GIORDANO Carla Valeria
Fine roots of Prosopis flexuosa trees in the field. Plant and soil variables that control their growth and depth distribution
GUEVARA, ARANZAZÚ; PANCOTTO, VERÓNICA; MASTRANTONIO, LEANDRO; GIORDANO, CARLA VALERIA
Año: 2018 vol. 219 p. 1399 - 1399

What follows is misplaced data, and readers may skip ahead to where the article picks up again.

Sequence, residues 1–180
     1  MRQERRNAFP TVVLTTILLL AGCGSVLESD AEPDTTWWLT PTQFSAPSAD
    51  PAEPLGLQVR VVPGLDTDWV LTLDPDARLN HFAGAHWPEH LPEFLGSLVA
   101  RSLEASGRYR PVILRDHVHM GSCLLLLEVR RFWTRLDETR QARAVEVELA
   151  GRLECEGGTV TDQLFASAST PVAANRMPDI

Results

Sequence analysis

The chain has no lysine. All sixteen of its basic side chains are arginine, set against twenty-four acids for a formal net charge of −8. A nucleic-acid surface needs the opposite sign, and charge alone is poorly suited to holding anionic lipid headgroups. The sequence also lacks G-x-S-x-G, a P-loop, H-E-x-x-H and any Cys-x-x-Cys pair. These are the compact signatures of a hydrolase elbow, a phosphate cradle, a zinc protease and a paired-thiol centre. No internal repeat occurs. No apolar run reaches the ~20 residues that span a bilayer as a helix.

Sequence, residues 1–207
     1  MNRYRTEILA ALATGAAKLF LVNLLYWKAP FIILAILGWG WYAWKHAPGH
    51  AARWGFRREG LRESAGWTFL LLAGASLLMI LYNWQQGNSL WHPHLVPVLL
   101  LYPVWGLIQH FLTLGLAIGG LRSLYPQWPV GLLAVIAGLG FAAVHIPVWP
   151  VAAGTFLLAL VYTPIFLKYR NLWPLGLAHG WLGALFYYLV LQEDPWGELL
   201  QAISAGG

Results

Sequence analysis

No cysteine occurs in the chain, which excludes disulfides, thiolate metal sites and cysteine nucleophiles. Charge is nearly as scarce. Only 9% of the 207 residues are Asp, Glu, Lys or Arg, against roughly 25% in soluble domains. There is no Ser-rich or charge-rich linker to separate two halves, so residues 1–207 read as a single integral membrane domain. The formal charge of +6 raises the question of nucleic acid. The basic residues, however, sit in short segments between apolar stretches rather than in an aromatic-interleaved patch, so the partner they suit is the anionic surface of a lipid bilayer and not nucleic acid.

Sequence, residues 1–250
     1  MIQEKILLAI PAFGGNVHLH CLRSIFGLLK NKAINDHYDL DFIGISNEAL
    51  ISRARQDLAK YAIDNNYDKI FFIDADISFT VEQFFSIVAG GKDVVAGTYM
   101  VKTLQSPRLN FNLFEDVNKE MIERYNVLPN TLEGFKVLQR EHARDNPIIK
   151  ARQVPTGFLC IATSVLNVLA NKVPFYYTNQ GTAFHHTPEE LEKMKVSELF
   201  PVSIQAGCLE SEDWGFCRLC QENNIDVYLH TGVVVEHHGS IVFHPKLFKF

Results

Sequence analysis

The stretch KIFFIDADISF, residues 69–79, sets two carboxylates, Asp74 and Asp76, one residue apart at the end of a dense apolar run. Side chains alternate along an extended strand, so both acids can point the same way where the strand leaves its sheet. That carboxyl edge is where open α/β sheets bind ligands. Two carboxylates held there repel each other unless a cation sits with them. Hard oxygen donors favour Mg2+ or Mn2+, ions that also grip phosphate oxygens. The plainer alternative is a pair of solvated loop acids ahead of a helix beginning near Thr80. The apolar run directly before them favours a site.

Fine root growth in natural vegetation is difficult to predict due to its regulation by soil and plant factors. Field studies in arid ecosystems show a variety of root responses to soil resources and to plant aboveground phenology that sometimes differ from root responses predicted by controlled experiments. There is a pressing need to cover a greater diversity of plant species and ecological scenarios in field studies. In this paper, we have studied fine roots of Prosopis flexuosa trees living with or without access to phreatic water in an inter-dune valley and a dune flank, respectively, in the Central Monte Desert, Argentina. We have described fine root growth over time and at different depths by rhizotron observations and soil core auger samples in relation to soil water and nutrients, tree crown phenology, plant water and nutrient status. We have found that surface soil moisture from rainfall is the variable that best predicts seasonal topsoil fine root growth. Access to groundwater advanced leaf sprouting with respect to rainfall, but did not advance root growth that stayed linked to rainfall in valley and dune flank trees. Trees without access to phreatic water produced deeper and thicker or denser roots, which is consistent with the poor soil resource content of dunes. Variations in rainfall dynamics due to global climate change may have a particular impact on fine roots and ecosystem processes such as biogeochemistry and carbon budget in dune flank trees as well as in valley trees.